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Photo Essay: Faces and spaces of Milwaukee small businesses

“We have an opportunity and a responsibility to encourage, educate and assist our newer businesses to ensure they survive in today’s challenging business climate. Being a business owner isn’t easy and the city provides and connects local entrepreneurs with the tools they need to succeed. Milwaukee Small Business Week is just one way we do that.”Nikki Purvis, Director of the City of Milwaukee’s Office of Small Business Development

As a preview of Milwaukee Small Business Week 2017, local companies and entrepreneurs were featured in a bus tour that stretched across the city on May 1 and showcased their contributions to economic growth in the area. These images highlight the trip and its participants, showing the diversity that is thriving in Milwaukee in spite ongoing social and economic challenges.

Rockwell Mechanical does Heating, Ventilation and Air Conditioning (HVAC) work on contracts that include the Northwestern Mutual Tower, Bucks Arena, and Medical College of Wisconsin. As a Hispanic native from Milwaukee’s Southside, owner Antonio Velez moved his business from Port Washington to Milwaukee last year because all his business was based in the city, and the redevelopment of the Havenwoods area made it an attractive location.

“Starting a small business in Milwaukee is a challenge. I had to mortgage my house about 14 years ago, I sold everything and put it all into the business. But it was crucial getting certified, and I think it helped immensely. The minority certification for the city, as well as the state, it was hard to earn. Plus, there is a stigma attached to having that certification. People think like it is a handout, but we are lucky to get two contracts out of ten bids, that is how competitive it is.” – Antonio Velez

The Phongsavan Asian Market started in 2009 as cluster of food carts around an auto shop that had been foreclosed on Milwaukee’s Northwest side. Its new $4.2 million building now serves as a commercial and social hub for the Hmong and Southeast Asian community.

Owner Pai Yang came to America as a single mother and immigrant from Laos, through refugee camps in Thailand, and envisioned the Phongsavan Asian Market as a catalyst for new businesses in her adopted city.

What started on social media as an interest in Japanese card games like Pokémon, developed several thousand followers and became a club focused on video gaming. Now a thriving retail store and role model enterprise for the community, located in the heart of the inner city, Battlebox Studios is looking to expand into a complex of empty buildings on its block. Owner Bryant Wilcox has the vision to make the area a gaming oasis and positive center for kids.

“We have what we call a ‘voucher system,’ and this is how we get new members. A new kid can only come in if someone brings them and will ‘vouch’ for the guest. So if someone comes in and causes trouble, it falls on the person who brought the guest. If someone comes in and rips off stuff, the person who brings them is also kicked out. We have common sense rules, and they make kids be more mindful of their choices, because the actions of someone else can reflect on them.” – Bryant Wilcox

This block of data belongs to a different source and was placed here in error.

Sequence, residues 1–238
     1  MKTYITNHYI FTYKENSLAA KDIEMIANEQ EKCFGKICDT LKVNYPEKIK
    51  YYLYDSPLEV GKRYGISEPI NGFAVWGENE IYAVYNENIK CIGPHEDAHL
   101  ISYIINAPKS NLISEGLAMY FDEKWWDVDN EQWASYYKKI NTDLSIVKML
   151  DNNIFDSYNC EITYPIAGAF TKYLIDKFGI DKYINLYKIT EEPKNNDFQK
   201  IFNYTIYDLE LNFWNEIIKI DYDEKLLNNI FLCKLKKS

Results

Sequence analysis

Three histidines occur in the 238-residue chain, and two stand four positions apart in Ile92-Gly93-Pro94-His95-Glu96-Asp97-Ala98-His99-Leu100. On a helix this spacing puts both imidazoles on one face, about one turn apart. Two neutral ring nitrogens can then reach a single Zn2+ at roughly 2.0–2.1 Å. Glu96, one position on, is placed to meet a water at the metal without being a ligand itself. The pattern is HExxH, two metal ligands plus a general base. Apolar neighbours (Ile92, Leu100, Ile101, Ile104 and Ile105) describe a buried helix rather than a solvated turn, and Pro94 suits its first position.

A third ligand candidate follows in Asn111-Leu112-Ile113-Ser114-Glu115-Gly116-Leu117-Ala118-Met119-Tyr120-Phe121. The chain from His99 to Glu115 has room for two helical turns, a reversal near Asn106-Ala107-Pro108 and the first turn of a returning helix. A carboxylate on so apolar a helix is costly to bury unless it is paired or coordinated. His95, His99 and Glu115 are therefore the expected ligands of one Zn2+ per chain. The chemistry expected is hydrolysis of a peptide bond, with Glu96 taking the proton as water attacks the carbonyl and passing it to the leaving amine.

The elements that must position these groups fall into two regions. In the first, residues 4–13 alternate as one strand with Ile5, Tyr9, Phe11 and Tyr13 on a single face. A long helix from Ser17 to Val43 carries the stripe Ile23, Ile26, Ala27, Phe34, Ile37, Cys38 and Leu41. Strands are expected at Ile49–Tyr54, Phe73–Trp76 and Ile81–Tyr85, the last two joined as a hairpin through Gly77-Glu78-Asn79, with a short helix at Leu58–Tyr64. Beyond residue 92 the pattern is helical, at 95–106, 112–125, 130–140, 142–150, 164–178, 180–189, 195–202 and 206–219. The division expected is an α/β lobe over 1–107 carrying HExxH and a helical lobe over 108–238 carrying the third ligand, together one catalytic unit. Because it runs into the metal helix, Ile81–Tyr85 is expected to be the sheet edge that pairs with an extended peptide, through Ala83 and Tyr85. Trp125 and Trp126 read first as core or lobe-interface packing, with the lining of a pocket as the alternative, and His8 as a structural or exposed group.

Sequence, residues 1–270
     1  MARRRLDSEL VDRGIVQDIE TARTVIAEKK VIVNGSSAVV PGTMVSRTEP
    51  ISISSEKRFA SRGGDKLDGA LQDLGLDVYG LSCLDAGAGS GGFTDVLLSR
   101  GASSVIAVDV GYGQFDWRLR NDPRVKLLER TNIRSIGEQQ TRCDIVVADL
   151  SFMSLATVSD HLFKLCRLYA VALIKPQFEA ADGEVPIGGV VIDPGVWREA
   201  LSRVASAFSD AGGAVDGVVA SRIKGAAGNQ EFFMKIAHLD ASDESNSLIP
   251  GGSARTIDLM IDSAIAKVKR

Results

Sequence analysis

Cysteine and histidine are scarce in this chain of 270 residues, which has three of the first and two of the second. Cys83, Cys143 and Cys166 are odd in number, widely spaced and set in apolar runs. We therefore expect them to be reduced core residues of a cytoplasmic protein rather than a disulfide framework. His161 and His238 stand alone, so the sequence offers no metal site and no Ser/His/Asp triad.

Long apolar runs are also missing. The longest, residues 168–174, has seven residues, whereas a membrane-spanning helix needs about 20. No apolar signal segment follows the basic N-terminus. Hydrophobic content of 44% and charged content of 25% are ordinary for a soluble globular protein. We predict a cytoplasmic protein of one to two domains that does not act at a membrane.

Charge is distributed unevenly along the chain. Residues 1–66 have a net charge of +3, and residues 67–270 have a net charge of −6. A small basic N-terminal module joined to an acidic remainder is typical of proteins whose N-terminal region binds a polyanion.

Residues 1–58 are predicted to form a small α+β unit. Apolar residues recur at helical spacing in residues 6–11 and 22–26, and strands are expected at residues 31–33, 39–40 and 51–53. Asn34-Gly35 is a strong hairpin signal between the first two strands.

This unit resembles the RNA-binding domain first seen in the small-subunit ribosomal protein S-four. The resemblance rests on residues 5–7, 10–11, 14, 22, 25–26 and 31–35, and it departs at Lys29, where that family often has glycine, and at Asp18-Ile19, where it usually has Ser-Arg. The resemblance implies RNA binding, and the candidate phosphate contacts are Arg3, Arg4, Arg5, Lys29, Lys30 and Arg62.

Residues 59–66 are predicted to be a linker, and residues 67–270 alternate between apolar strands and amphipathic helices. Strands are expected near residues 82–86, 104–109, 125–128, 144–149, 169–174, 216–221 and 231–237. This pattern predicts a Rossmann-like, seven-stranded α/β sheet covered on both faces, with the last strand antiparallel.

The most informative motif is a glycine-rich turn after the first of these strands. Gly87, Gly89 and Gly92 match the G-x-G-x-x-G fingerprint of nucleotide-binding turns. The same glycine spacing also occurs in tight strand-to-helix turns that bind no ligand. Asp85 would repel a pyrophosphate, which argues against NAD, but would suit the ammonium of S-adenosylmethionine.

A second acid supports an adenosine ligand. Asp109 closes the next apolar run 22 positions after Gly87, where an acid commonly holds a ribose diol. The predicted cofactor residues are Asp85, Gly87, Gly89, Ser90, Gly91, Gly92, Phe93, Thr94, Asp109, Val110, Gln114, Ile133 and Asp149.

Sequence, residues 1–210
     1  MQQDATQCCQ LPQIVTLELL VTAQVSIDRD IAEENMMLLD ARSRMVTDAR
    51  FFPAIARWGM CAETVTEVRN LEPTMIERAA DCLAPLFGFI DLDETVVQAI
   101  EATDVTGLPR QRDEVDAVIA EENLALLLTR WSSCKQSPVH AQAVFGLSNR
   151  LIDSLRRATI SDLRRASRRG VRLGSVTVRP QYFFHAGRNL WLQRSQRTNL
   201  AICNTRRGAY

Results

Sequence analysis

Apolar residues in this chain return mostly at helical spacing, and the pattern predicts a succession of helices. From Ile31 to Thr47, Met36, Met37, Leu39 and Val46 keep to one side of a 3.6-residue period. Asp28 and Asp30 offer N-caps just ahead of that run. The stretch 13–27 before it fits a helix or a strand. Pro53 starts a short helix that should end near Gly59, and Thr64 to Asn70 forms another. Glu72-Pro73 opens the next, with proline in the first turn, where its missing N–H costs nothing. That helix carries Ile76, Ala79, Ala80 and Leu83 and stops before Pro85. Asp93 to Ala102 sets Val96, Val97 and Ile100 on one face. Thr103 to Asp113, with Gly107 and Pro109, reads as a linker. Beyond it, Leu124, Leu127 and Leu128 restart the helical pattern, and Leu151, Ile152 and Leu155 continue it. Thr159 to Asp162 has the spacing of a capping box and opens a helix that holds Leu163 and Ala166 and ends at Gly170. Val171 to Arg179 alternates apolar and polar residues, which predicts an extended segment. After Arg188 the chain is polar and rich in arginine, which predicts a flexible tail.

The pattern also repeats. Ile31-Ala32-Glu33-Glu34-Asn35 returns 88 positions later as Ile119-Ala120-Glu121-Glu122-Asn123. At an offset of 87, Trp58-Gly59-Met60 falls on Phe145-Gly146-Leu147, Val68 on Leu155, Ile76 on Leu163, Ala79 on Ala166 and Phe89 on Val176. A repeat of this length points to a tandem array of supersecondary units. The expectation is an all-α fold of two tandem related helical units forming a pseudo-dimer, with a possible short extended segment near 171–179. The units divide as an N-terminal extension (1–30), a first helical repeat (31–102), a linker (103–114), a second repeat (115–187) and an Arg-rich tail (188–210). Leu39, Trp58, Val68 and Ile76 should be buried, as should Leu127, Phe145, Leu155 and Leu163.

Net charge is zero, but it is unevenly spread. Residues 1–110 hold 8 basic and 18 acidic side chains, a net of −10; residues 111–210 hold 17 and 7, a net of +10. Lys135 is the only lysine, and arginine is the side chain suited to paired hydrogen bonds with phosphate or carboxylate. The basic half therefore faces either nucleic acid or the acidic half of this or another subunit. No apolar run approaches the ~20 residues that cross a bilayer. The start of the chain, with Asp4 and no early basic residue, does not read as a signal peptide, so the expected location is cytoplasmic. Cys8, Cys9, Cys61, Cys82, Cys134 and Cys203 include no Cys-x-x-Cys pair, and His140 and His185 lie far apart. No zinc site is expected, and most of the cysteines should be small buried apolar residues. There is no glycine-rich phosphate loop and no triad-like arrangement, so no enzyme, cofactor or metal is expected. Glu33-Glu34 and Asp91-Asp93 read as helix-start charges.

Our Daily Salt specializes in handcrafted items for the home kitchen, such as end-grain cutting boards, hand-turned wooden bowls, and a variety of hand-carved utensils. Owners Felisha Wild and Janelle Phalen won a competition sponsored by the Layton Boulevard West Neighbors (LBWN) that allowed them to move into the location on West National Avenue.

“I didn’t have any background in woodworking, but we remodeled our kitchen and as it started to come together I wanted to figure out what else could we do with the tools. I am a chef by trade, so I decide to make my first cutting board. That was about eight years ago, and from there people started requesting cutting boards. I was running Our Daily Salt as a food blog at the time, and we turned our basement into a wood shop which is something I don’t recommend because it makes a house a very dusty. Pretty soon the business was taking over our entire house, so we started looking for retail space.” – Chef Felisha Wild

James Durawa and Ann Brock started making pizza in a camper trailer on the side of the road in Portland, Oregon in 2009. Their innovative pies developed a good reputation and loyal following, and after returning to their hometown of Milwaukee the couple felt inspired to find a location that could support a good pizzeria.

“A lot of people use these roads as a commuter route on the way from A to B, but the surrounding neighborhoods have very loyal folks who really care about the neighborhood. And as a result, they care a lot about us. They are very grateful that we cleaned up this foreclosed property, and they recognize our diligence and commitment, and hard work. They love having a place to come and eat on this corner like WY ‘east Pizza. It is clean, and vibrant, and full of good food, where they can see their friends and hang out. So we are super grateful too.” – Ann Brock

About The Author

Lee Matz

Former Creative Director and Photojournalist for the Milwaukee Business Journal, Lee brings his years of international experience as a foreign correspondent in Asia and Europe, with a background in publishing, advertising, and design, to the Milwaukee Independent. His list of awards include three consecutive top honors from the Milwaukee Press Club. Lee proudly uses MCTS as his exclusive mode of transportation, other than walking, for all the news stories he reports about in Milwaukee.

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